Mixing Bowl Interchange is Subject of Probe by State Police
RICHMOND, Va. (AP) - Virginia State Police are conducting a criminal investigation of possible contracting abuses and procurement irregularities in the $585 million rebuilding of the "Mixing Bowl" interchange in Springfield, state officials said Tuesday.
In an interview with The Associated Press late Tuesday, Col. W. Gerald Massengill, state police superintendent, confirmed the existence of the investigation but declined to discuss its details.
"What I acknowledge is the fact that there's an ongoing investigation by our agency and other agencies," Massengill said. "This is investigation has been ongoing for several months."
Massengill declined to say what other agencies were involved.
Officials described the investigation to The Washington Post as wide-ranging and not confined to state contracts and government purchases of materials for the mammoth reconfiguration of one of the East Coast's most notorious bottlenecks. The officials spoke on the condition that they not be identified by name or agency.
The rebuilding of the junction of Interstates 95, 395 and 495 is already the focus of a separate audit by the inspector general of the U.S. Department of Transportation, which a top federal official said today should be completed within weeks. The audit was requested by U.S. Rep. James P. Moran Jr., D-Va., in July 2000 after numerous reports about construction delays and cost overruns on the project.
Shortly after taking office this year, Gov. Mark R. Warner ordered a state audit of Virginia's Department of Transportation, which he said faces a severe cash shortage, in part because of poor management practices at the agency.
One senior Warner administration official said the Mixing Bowl project had generated 20 to 30 official complaints to the state, several of them having to do with contract awards, which could have prompted a routine review by VDOT and subsequently by the state police.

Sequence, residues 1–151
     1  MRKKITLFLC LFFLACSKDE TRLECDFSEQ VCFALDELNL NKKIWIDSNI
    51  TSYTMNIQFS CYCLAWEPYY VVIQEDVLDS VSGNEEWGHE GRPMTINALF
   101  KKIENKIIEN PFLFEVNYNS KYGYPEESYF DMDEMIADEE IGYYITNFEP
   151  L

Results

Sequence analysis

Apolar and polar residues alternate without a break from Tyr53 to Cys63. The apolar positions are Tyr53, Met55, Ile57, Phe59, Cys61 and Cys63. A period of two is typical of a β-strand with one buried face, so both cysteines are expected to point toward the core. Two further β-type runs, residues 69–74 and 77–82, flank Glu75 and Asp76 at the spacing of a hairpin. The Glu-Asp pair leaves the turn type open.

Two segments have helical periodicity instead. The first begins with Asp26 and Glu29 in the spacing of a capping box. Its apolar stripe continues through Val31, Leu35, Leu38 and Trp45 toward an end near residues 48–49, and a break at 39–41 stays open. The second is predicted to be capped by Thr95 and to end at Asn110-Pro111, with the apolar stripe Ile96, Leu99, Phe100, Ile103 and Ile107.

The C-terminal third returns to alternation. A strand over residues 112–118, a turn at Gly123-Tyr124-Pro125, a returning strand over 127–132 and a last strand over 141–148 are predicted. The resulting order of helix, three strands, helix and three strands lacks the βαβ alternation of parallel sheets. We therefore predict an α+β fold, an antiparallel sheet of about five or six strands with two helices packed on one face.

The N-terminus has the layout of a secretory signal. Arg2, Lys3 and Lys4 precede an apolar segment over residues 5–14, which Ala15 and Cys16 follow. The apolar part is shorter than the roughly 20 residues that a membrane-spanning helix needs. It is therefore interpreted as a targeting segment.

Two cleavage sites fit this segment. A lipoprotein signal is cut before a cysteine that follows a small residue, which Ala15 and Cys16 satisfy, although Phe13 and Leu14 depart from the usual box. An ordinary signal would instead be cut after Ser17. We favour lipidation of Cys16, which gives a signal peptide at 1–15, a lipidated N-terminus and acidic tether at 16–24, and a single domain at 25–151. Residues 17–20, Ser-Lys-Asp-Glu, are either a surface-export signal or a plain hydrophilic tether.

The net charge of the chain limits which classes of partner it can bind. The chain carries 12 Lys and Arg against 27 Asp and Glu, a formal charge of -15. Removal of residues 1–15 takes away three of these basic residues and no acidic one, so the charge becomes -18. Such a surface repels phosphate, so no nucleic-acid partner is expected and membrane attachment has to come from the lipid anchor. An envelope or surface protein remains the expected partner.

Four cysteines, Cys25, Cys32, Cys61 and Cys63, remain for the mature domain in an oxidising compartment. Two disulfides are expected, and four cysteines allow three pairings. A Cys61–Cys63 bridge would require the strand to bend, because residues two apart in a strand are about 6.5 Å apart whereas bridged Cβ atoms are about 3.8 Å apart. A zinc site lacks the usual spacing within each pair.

Such complaints would not be unusual for a project as large as the reconstruction of the Springfield interchange, which handles 400,000 vehicles on busy weekdays.
A spokesman for Warner said the administration learned of the investigation Tuesday.
"The previous administration was told of the investigation several months ago and did not inform us," spokesman Kevin Hall told The Associated Press on Tuesday night. "We learned about it today, and the governor intends to get a full briefing from the State Police."
Hall said no such briefing had been set up as of Tuesday night.
Massengill said he has not discussed the investigation with Warner.
"There's a process by which my office appropriately keeps the governor's office aware of criminal investigations involving state agencies," he said. "And that process was followed in this particular situation."
Although VDOT has won some praise for minimizing disruptions during the Mixing Bowl road work, the project has been plagued for several years by delays and overruns, including a 45 percent increase in its estimated cost two years ago.
The jump in the estimated cost was a factor in Moran's request to the federal auditor to investigate VDOT's management of the Springfield project.
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